I spent quite a bit of this walk letting Comet get out ahead of me with a stick and then calling him back so I could snap shots of him in full retrieve. He thought it was great fun and started preemptively returning just in case it would garner him a "good dog."
We bought some lean turkey hot dogs to chop into bits and bring on walks as a way to confirm Comet's good behavior when he returns. However, I've forgotten them every walk so far, but he's always returned happily to every call, so here's to a dog who wants to be good with little need for gustatory motivation.
Comet has developed far enough along physically that, unlike when he was little and walked at my heels or even dragged a little at the end, he now walks out ahead of me for almost the whole of three miles. And, like Gus, he stops once in a while, as if to wonder why I don't like to trot quickly back and forth with my nose to the ground.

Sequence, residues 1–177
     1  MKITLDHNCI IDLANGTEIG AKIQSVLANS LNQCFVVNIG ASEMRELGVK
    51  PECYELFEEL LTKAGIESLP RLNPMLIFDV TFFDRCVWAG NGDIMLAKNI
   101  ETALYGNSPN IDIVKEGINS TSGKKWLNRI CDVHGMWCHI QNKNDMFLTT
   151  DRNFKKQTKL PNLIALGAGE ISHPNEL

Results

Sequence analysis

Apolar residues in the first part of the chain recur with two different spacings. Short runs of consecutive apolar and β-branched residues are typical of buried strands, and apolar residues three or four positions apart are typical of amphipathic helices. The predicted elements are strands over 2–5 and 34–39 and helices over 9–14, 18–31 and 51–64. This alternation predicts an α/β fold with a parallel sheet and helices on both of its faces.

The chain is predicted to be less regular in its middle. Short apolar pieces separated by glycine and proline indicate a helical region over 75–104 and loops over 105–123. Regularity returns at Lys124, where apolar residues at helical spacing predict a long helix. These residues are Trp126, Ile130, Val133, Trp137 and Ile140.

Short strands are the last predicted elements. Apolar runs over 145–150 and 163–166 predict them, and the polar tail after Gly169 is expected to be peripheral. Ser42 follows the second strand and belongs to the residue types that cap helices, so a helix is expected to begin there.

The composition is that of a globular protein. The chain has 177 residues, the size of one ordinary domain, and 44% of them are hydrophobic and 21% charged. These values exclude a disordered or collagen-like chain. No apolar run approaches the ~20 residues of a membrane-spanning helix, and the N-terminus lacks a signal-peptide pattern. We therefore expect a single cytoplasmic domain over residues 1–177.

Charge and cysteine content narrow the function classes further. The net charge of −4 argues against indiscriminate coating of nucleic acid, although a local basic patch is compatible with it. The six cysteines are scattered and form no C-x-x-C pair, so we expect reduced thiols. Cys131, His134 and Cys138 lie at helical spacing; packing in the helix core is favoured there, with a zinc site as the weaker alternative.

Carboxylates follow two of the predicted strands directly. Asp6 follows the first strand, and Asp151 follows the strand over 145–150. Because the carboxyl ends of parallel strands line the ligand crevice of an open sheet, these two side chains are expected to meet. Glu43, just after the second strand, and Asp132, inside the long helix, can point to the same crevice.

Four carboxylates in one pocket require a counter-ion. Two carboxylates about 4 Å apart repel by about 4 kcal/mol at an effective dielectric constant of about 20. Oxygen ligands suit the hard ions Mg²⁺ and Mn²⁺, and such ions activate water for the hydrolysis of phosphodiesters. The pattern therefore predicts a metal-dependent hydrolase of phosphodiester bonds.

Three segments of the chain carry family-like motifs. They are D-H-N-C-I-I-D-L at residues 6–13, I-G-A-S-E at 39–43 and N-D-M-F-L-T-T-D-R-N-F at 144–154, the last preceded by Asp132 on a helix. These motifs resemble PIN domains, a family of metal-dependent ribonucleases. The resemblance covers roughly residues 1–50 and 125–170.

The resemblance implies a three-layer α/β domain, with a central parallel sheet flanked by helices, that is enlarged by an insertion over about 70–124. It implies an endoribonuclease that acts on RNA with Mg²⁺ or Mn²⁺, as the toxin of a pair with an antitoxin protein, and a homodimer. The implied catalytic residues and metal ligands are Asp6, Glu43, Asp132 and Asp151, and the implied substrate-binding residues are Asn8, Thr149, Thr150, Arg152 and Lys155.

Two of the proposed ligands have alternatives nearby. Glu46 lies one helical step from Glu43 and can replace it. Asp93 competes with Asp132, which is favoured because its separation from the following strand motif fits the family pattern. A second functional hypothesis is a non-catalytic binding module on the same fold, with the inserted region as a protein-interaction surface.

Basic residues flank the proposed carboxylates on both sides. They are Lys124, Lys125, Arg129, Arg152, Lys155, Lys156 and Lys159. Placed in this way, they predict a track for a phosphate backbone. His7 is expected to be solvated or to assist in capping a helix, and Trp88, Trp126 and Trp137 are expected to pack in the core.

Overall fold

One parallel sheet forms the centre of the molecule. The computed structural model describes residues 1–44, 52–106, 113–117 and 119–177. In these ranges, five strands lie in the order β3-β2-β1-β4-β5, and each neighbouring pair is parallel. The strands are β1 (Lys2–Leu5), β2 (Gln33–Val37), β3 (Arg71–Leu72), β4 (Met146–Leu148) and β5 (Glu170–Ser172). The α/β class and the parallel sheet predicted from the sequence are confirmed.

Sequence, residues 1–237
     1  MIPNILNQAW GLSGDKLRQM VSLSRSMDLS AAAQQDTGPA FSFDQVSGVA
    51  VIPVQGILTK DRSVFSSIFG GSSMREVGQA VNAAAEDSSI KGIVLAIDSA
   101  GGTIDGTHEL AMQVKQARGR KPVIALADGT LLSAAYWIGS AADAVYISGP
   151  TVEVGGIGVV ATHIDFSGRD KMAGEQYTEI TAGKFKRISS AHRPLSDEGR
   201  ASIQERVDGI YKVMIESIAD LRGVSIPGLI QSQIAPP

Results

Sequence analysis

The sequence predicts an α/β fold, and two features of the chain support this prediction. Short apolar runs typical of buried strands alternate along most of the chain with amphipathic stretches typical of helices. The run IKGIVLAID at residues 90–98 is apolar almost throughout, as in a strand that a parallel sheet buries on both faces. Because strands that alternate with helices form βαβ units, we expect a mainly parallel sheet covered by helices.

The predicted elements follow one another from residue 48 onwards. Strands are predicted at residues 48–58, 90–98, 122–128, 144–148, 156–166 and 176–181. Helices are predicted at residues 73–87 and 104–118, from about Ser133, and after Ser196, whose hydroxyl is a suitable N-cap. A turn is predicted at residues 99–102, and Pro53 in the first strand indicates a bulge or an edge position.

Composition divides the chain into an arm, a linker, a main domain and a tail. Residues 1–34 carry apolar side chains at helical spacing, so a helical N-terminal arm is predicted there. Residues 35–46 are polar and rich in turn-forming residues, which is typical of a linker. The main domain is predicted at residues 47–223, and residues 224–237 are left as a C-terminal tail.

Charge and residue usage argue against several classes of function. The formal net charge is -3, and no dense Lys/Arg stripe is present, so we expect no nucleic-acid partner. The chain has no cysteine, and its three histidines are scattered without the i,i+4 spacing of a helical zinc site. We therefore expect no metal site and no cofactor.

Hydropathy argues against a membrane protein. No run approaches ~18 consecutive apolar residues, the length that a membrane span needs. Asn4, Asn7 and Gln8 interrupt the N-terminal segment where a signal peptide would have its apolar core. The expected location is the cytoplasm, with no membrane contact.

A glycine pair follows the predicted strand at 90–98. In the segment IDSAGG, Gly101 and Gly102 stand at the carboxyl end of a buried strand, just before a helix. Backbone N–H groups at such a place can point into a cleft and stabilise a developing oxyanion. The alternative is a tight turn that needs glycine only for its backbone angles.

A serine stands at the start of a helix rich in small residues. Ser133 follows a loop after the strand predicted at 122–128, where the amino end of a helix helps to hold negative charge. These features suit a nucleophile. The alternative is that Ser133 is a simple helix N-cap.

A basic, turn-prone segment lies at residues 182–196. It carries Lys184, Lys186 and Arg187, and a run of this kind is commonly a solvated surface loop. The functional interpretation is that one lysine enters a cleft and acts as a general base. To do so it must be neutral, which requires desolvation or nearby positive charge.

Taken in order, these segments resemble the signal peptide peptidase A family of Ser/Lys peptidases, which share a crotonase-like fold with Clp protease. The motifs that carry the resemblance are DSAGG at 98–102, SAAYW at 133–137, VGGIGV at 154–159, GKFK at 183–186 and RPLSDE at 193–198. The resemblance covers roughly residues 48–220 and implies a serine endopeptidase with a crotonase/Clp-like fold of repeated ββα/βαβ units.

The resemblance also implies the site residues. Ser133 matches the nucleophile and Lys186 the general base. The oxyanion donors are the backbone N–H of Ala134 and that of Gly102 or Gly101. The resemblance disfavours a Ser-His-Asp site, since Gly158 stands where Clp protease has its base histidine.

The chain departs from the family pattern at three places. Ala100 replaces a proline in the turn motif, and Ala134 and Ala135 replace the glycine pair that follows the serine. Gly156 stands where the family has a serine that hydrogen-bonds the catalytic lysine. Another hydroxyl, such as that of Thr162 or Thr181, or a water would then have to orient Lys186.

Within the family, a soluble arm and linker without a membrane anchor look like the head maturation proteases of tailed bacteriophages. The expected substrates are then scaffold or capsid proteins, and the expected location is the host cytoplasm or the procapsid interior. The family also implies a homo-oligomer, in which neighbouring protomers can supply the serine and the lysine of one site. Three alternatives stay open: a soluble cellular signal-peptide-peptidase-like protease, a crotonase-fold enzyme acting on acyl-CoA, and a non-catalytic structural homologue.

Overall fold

I'm out for a stroll, but they think walks are a religion.
Of course, the noble look back for a lagging friend is but one of a myriad of expressions available to a young Golden. Total, explosive, psychotic discombobulation can follow seconds later, sometimes while that lagging friend has decided to call you in order to see if he can catch you at a particularly athletic moment.
Athletic, no. Hilariously deranged? You decide.
It's an endearing quality, this ability to be both joyously insane and effortlessly noble, sometimes concurrently. The boys, obviously, look beautiful and well-adapted to their surroundings. What's not instantly obvious is that it's thirty-three degrees out, and Gus has been jumping in and out of the water for no reason at all. The lake still had ice on it a couple of days before this, but the cold isn't nearly enough to stop a Golden who hasn't had a good splash since September.